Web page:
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Bible Commentaries

L. M. Grant's Commentary on the Bible

Job 3

Verses 1-26

JOB'S BITTER COMPLAINT

(vv.1-26)

Though Job would not dare to curse God for his trouble, yet it seems that the presence of his friends only caused a stronger, gradual build-up of bitter distress in the heart of Job, so that eventually the thoughts of his heart broke out in words of painful complaint.

WISHING HE HAD NEVER BEEN BORN

(vv.1-10)

Job did not even now charge God foolishly, but he did curse the day of his birth. This was not directly blaming God, but however little he realised it, he was indirectly blaming God, for it was God who gave him life. The language of Job is amazingly graphic, as indeed are all his succeeding speeches and those of his friends. Job's grief was so deep that he did not even consider that what he was saying was an impossibility. How could the day perish in which Job was born? (v.3). How could history reverse itself? That day had passed long before and at the time was a day of light that a man-child had been born into the world. Could Job's words change that light to darkness? He mentions God once in this section, desiring that God would ignore that day (v.4). Later Job would thank God he had been born, and that thankfulness will endure for eternity. But when trouble comes such as Job was called to bear, we do not tend to think soberly and with calm deliberation, though wishful thinking will never accomplish anything. The doors of Job's mother's womb had been opened long ago (v.10), and Job knew this could never be reversed. But he was moved by his anguish, not by faith.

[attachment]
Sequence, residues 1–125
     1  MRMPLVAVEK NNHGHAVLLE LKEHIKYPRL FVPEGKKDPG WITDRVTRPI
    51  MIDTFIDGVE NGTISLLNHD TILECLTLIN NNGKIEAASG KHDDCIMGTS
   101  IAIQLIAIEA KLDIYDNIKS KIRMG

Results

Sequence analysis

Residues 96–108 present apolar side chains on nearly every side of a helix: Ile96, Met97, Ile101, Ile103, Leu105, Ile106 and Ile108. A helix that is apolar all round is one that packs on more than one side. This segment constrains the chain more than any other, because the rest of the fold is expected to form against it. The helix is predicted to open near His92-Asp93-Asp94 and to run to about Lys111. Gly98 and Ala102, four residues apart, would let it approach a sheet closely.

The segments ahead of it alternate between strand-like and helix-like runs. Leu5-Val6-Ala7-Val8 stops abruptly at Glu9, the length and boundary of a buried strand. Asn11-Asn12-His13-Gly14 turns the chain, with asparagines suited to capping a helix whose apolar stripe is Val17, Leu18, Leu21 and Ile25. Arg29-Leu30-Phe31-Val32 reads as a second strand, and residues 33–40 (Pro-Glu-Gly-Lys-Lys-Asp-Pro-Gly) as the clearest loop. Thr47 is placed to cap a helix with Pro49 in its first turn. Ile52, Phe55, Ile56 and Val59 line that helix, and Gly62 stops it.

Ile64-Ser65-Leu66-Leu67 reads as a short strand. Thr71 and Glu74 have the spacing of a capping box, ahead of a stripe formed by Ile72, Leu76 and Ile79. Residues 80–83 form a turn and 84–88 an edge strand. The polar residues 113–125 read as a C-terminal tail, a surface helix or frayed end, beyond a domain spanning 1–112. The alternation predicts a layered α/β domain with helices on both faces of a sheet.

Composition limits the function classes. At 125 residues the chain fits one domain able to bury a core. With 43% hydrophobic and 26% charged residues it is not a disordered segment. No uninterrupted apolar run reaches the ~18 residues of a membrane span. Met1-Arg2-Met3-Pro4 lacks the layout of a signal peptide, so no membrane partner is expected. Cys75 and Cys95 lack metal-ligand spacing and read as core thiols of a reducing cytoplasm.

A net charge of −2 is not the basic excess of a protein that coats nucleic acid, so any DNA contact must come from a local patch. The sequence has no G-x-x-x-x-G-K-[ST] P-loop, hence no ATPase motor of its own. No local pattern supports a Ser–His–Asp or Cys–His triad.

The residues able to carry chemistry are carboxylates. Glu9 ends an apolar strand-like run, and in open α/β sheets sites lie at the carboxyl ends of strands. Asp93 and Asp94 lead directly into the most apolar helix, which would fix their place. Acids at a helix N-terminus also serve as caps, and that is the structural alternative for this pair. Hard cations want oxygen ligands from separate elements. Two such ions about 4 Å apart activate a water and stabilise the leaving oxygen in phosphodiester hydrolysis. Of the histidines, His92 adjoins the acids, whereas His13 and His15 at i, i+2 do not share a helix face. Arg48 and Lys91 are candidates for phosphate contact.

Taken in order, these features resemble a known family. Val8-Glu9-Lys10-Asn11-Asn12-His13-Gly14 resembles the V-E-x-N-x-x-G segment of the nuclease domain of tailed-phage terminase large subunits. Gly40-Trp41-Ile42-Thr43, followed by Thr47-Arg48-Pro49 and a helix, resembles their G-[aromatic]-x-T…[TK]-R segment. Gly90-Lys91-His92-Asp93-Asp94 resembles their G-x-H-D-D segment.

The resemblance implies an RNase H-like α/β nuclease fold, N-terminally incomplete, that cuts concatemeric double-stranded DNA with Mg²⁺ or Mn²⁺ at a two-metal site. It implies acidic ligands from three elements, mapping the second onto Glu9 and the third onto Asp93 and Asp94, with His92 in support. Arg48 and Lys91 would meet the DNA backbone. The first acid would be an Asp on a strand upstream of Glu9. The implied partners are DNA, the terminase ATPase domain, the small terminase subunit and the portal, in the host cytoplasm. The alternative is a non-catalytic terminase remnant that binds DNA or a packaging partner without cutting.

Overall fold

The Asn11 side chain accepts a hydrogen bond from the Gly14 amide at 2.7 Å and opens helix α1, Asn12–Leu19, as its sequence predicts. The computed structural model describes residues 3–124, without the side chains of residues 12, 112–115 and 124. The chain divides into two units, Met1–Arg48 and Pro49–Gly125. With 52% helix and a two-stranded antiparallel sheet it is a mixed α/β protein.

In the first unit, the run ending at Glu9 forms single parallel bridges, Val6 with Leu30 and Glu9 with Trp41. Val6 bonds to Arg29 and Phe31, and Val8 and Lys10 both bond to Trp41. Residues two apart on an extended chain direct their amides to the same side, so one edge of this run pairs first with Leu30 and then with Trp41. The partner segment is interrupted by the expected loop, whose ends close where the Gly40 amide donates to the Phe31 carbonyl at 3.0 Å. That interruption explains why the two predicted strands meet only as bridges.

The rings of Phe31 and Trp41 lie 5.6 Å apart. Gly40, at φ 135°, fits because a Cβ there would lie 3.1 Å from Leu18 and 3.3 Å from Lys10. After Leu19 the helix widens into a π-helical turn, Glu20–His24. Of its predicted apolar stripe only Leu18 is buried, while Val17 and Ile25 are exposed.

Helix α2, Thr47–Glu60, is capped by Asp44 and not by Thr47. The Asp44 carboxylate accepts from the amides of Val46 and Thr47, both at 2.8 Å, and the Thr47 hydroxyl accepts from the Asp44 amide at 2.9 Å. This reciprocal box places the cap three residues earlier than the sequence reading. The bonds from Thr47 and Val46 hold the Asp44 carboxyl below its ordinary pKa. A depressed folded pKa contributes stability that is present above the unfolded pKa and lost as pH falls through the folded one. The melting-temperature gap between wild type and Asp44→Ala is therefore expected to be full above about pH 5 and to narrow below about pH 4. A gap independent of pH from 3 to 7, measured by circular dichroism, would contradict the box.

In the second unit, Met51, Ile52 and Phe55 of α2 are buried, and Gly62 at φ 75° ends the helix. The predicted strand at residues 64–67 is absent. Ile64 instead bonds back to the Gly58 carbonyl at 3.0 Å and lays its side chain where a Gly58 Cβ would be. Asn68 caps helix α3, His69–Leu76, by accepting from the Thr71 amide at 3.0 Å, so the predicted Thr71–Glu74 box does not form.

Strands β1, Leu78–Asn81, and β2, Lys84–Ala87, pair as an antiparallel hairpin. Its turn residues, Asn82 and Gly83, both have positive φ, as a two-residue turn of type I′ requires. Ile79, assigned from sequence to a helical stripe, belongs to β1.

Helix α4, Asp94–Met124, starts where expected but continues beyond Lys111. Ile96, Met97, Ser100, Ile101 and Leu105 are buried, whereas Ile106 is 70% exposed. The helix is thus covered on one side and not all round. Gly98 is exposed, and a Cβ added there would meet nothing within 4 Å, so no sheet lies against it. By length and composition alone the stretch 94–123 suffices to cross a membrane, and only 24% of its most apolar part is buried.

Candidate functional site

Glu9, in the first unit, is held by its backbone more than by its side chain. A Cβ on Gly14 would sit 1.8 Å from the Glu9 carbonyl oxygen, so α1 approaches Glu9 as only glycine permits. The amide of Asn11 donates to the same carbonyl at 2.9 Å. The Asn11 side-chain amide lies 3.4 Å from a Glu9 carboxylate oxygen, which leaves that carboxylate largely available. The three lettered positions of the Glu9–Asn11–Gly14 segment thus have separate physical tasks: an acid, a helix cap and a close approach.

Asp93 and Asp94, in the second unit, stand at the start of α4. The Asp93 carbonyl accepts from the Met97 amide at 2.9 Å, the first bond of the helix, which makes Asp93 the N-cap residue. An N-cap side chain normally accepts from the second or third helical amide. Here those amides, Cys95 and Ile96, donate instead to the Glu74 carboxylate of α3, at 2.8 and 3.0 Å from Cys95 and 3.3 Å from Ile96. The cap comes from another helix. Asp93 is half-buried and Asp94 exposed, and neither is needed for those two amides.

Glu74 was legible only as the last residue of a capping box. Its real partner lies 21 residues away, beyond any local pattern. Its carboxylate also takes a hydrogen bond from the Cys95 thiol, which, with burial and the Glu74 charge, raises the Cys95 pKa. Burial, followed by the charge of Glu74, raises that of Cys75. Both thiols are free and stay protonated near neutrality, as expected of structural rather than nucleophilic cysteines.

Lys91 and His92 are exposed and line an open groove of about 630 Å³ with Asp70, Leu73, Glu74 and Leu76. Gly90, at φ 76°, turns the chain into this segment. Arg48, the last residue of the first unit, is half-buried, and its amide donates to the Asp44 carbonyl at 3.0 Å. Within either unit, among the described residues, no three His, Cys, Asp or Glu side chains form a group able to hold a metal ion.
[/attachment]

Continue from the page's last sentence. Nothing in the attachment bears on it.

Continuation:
WISHING HE HAD DIED AT BIRTH

(vv.11-19)

If it could not be that Job could reverse the fact of his birth, yet he now expressed the wish that he had died at birth. Was there any more hope of this than that he had never been born? Of course not! If only he had died, he says, he would be at rest (v.13). In death at least, he affirms, the wicked cease from troubling, the weary are at rest, the prisoners are released and the slave is free from his master (vv.17-19). But wishing is not facing facts as they are. Faith faces facts and gives God credit for doing what He knows is best. But Job's faith had become very weak.

WISHING FOR DEATH NOW

(vv.20-26)

In these verses Job comes closer to facing facts as they actually were. He was in misery and bitterness of soul, and he questions why life should be given to one in such a state, though he longs for death and it does not come. It is good, however, that he does not even consider suicide, as many would do today who are in such a condition. Satan had been told to spare Job's life while being allowed to make him suffer so grievously, and God knew Job's sufferings were necessary to accomplish results of great blessing. So that Job's wish for death was not according to the will of God. Job would not die until God ordained it so.

In verse 25 Job records the fact that the thing he greatly feared had come upon him. Such a thing often happens. He had not been feeling secure and confident of continuing in constant prosperity. He greatly feared that he might be reduced as now he found himself to be. Sometimes people are mortally afraid they might contract a certain disease, and that disease overtakes them. Why? Is it not because God is showing them that His grace is sufficient for them even in the most dreaded circumstances? Thus Job was not at ease, not quiet; he had no rest, yet trouble came (v.26). He needed to learn the heart of God as he did not know it.

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Bibliographical Information
Grant, L. M. "Commentary on Job 3". L.M. Grant's Commentary on the Bible. https://www.studylight.org/commentaries/eng/lmg/job-3.html. 1897-1910.